The School of Medicine is also in compliance with the AAUP statement, “Key to the role of medical faculty…is the opportunity to define the terms and conditions of faculty employment….” The school’s recently updated annual faculty review guidelines actually clarify, rather than diminish, this principle by requiring each faculty member and his/her department chair to agree on specific numerical goals and other quantitative measures by which a faculty member’s performance will be evaluated. This revised process eliminates a great deal of subjectivity from the evaluation process and, in that regard, is as beneficial to the faculty member as to the evaluator. The School of Medicine has eliminated the definition of a default minimum standard of adequate performance only from the summary page of the “Guidelines for University Base Salary Associated With Tenure.” This portion of the summary was removed solely because it generated confusion, rather than clarification, when removed from the context of the guidelines. The guidelines themselves remain the same, and this section should be considered in the entirety of the policy’s context to be fully understood. (The link to the School of Medicine “Guidelines for University Base Salary  Associated With Tenure” is here:

While the target for the School of Medicine is to obtain an overall average of 75 percent support of faculty salaries from research grants for those faculty who are engaged in research and are not members of University of Pittsburgh Physicians, again — as I stated in my state of the school address — that target is an across-the-board average and not an individual mandate for each faculty member. The same document cited in the above letter from the AAUP chapter states further, “It is recognized that each faculty member will have different levels of research support and that faculty may have other major assignments and responsibilities,” including educational activities, which are recognized as a “core force in support of a faculty member’s position,” and service to the school. Indeed, the faculty member has primary responsibility for setting his/her own academic plans and measurable outcomes for the year as the first step in the annual review process. Moreover, I have instructed school leaders with faculty supervisory responsibility to do all possible to identify each person’s abilities and to match them against the school’s needs and available opportunities to address those needs. If a faculty member and his/her chair cannot negotiate a set of performance expectations that provide a fair basis for compensation, adequate appeal mechanisms are in place to come to a fair resolution.

Like other units at the University, the School of Medicine exercises shared governance via standing committees, a number of subcommittees and task forces, and numerous department- and division-based committees. The 10 standing committees of the School of Medicine are: executive committee, Education Policy Council, curriculum committee, admissions committee, medical student promotion committee, committee for tenured faculty appointments and promotions, committee for non-tenured faculty appointments and promotions, committee for affiliated faculty appointments and promotions, planning and budgeting committee, and Graduate Council.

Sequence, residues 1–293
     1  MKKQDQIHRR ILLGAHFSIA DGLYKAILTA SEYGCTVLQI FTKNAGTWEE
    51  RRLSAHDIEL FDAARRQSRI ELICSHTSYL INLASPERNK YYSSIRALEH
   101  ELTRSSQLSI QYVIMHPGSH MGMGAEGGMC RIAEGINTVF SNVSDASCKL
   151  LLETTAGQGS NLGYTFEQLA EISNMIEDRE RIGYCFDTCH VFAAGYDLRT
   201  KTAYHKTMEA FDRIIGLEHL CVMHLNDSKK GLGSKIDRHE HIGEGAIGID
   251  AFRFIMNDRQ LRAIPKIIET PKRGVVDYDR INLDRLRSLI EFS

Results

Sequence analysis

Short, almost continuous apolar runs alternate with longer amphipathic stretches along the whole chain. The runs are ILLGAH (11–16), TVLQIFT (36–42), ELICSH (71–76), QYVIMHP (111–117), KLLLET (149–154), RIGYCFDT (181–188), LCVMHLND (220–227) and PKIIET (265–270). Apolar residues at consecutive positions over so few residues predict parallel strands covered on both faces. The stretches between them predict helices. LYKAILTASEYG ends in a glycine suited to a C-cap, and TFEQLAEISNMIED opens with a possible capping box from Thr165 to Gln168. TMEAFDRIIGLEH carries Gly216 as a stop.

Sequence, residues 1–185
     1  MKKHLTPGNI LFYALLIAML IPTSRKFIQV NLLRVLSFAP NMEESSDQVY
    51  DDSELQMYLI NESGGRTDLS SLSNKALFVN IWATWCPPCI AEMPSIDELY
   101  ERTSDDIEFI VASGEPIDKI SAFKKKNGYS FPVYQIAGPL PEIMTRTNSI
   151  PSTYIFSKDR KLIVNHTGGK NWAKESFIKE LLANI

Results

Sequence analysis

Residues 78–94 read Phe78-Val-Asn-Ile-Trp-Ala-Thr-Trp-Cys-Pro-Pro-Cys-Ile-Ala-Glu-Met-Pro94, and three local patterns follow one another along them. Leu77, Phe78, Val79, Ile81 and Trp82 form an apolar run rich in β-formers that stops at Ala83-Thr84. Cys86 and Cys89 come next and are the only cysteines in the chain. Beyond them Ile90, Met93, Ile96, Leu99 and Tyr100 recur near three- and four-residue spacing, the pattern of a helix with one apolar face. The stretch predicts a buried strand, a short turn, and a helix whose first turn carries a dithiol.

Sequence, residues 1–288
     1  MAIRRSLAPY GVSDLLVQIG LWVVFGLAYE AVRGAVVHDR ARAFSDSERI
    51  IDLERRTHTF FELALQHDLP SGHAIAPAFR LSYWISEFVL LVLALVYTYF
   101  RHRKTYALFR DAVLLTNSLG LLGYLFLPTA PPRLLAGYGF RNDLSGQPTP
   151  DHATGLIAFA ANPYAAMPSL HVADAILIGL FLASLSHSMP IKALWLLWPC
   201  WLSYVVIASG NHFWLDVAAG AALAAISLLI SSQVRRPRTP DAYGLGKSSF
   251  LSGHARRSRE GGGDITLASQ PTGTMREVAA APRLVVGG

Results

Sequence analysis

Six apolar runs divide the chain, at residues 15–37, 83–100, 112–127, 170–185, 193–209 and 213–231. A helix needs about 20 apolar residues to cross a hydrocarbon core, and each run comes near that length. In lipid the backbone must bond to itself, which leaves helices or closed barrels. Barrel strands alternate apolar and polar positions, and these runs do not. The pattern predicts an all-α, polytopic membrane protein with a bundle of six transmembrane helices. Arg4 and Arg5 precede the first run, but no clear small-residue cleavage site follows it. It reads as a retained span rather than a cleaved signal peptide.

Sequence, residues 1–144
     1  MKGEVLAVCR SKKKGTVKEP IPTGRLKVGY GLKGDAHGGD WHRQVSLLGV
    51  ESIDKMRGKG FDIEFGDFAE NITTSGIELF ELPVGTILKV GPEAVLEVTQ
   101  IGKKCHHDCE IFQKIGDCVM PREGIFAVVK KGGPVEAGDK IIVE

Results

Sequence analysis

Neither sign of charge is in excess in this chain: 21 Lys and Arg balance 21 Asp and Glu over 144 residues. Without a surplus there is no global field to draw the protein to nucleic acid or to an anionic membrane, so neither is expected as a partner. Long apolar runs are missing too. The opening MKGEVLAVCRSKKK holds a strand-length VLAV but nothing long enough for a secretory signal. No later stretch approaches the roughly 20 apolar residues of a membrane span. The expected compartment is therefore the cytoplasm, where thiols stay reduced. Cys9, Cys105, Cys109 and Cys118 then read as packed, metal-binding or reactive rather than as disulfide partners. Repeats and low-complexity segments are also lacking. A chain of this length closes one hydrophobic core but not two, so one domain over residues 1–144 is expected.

Under the bylaws of the School of Medicine, the executive committee — which includes elected faculty representatives, as well as department chairs — is recognized as the “primary policy-making body of the School of Medicine” and is authorized by those same bylaws to “initiate any actions not otherwise provided for in this plan as are necessary or desirable for the best interests of the School of Medicine.” This kind of representative democracy is, of course, common throughout the University, particularly in faculties of especially large size — and also in the University’s Senate Council and Faculty Assembly and, if their web site is accurate, the Pitt chapter of the AAUP.

Let me close by making a few additional points. The amount of money available to the School of Medicine for faculty compensation is finite, and that finite amount is now severely constrained both by federal-level budgetary sequestration and by anticipated reductions in clinical revenue under the Affordable Care Act. The formal conclusion to the 1999 AAUP report, though it was not cited by the Pitt AAUP letter-writers who based most of their submission on that report, includes the following statements of principle that are quite instructive in framing these issues and  that are entirely consistent with the School of Medicine’s practices.

“The Association has long held that academic tenure is not merely, or even most importantly, a form of job security, but rather an instrument for the protection of ‘the common good.’ In serving that function, a system of tenure, properly applied, is a guarantor of educational quality. We question whether any institution of higher education or one of its components…can provide such educational quality without that reasonable assurance of stability that helps ensure the commitment of faculty members to freedom of inquiry in teaching and in research and to the preparation of its students.”

The University of Pittsburgh School of Medicine is known around the world for achieving the high levels of quality in teaching and research to which the AAUP report refers. And even before some of the current challenges emerged, the school came to be recognized for its distinctive efforts to advance, even in unstable times, the kind of stability noted in the AAUP report. One key example would be the school’s substantial investments in its program of institutionally supported and peer-reviewed bridge funding for established researchers whose recent grant applications, though strong, were not successful in this increasingly competitive environment.

Clearly, we also need to employ fair measures of assessment as we move to meet even more substantial challenges — both to be equitable to the individual professionals involved and to protect “the common good” so prominently referenced in the AAUP report. All of us must be willing to work together to sustain — and continue to build — the excellent school that is our academic home, as we have done in the past.